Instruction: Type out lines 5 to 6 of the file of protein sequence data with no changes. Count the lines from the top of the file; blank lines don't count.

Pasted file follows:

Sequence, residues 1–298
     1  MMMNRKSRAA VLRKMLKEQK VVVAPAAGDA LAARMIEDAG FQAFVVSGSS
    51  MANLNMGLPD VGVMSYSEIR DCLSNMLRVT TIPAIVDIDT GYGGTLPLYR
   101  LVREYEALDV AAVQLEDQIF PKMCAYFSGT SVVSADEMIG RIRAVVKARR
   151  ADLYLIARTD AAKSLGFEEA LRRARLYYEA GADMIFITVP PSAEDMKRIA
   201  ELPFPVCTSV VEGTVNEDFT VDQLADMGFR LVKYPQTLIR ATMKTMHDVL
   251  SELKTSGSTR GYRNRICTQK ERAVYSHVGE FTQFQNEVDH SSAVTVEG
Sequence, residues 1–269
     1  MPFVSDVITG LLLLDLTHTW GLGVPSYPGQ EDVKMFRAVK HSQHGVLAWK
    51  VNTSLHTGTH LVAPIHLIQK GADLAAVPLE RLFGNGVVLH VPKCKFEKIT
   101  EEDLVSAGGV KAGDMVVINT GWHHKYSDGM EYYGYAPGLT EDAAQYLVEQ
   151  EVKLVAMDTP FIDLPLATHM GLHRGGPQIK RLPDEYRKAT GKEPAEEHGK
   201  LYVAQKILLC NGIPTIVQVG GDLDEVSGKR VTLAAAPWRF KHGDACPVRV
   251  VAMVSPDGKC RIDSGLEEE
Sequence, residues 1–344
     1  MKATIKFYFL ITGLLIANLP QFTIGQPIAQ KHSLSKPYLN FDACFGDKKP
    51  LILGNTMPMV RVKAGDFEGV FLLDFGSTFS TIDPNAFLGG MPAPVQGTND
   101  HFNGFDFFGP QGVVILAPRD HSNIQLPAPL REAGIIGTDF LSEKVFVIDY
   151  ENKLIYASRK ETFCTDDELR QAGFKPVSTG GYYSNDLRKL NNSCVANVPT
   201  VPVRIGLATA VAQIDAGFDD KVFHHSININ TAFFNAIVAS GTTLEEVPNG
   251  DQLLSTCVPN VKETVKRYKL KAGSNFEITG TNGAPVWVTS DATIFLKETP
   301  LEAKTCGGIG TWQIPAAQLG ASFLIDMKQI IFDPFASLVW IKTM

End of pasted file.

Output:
   151  ADLYLIARTD AAKSLGFEEA LRRARLYYEA GADMIFITVP PSAEDMKRIA
   201  ELPFPVCTSV VEGTVNEDFT VDQLADMGFR LVKYPQTLIR ATMKTMHDVL